I have great memories of the summer of 2005, when we made No.2 in the backyard in Mt Roskill. It was a real community whānau experience. 

We had the feast with the pig in the backyard in the movie, which we shot over five days. We needed a new pig each day, and my aunty was in charge of distributing the pork to the neighbours — and we were very popular because we were feeding people. 

That time, when we were a young group of brown people telling a story that was personal, had so much meaning for each of us. 

Also, there was the honour of having Ruby Dee come from New York with her incredible history and experience. One of the most memorable days of my career would have to be the day she arrived in Auckland. I’d been dreaming of making movies for a long time, and when she arrived, that was a day that I felt I could rip out one of the happy vouchers in the limited book of happy vouchers that you get in a career. We were going to work together on a movie.

Then the next day, I got a call from the producer, Tim White, saying: “We’re gonna have to fold the movie. Ossie Davis died last night, and Ms Dee has to go back to New York and be with her family.”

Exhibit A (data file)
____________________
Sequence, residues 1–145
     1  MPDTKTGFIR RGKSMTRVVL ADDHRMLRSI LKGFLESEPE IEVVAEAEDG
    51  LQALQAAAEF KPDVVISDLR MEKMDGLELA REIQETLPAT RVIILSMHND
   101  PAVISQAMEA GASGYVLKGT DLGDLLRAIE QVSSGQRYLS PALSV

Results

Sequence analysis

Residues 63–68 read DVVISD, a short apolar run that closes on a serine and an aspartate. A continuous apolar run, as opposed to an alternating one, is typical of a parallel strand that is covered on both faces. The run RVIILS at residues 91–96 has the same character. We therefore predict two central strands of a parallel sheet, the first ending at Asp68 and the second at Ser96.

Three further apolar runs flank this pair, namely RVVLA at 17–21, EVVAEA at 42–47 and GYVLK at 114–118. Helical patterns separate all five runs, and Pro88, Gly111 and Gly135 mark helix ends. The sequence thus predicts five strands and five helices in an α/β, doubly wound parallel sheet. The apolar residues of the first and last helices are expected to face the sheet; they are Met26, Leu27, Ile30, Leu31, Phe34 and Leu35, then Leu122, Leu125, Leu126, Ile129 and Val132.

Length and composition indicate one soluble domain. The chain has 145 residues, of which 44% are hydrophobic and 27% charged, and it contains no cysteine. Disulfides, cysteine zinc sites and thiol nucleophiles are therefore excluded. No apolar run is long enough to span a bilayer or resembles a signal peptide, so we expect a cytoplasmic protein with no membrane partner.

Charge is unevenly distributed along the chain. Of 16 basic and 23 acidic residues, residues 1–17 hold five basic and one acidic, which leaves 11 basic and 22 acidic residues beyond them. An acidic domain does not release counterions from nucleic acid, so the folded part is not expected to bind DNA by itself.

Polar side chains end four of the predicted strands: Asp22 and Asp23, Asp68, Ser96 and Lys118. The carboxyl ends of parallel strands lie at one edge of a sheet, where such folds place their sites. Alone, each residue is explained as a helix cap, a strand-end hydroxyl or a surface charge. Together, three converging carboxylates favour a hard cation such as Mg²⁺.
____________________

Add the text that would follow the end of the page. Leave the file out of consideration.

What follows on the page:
I went to see Ms Dee as she was leaving. At the time, we had no idea if she would be back. But she said: “I’m looking forward to coming back and celebrating life with you.” 

She was 85 at the time, and she’d never been away from Ossie, her husband, for as long as she would’ve been, had the movie gone ahead. But she returned to New York and attended the funeral — and they dimmed the lights on Broadway. 

Then she came back two weeks later to Mt Roskill, and we held a feast for her in the backyard of my aunty and uncle’s place. 

One of the things she said is this: ”You have to use your voice or somebody else will use it for you.” That’s been something that I’ve adhered to since then, and I always offer it to other practitioners as well. 

Is there anything else you’d like to share with us? We know you as a filmmaker, but you also have other roles and commitments. What do you do to keep your zest for life, Toa?

Well, the film industry can be stressful, especially when you’re freelance. So, I’ve done yoga for a long time. And I’m enjoying the vegetable garden and working on my basketball jump shot.

I’ve also enjoyed taking photos this winter, particularly around Sandringham and Mt Roskill, where I’m living. Lots of other stuff: poetry, music, eating. I’m a pretty good cook, and I do make a good corned beef curry. 

(This interview has been edited for length and clarity.)

© E-Tangata, 2021

Thank you for reading E-Tangata. If you like our focus on Māori and Pasifika stories, interviews, and commentary, we need your help. Our content takes skill, long hours and hard work. But we're a small team and not-for-profit, so we need the support of our readers to keep going.

If you support our kaupapa and want to see us continue, please consider making a one-off donation or contributing $5 or $10 a month.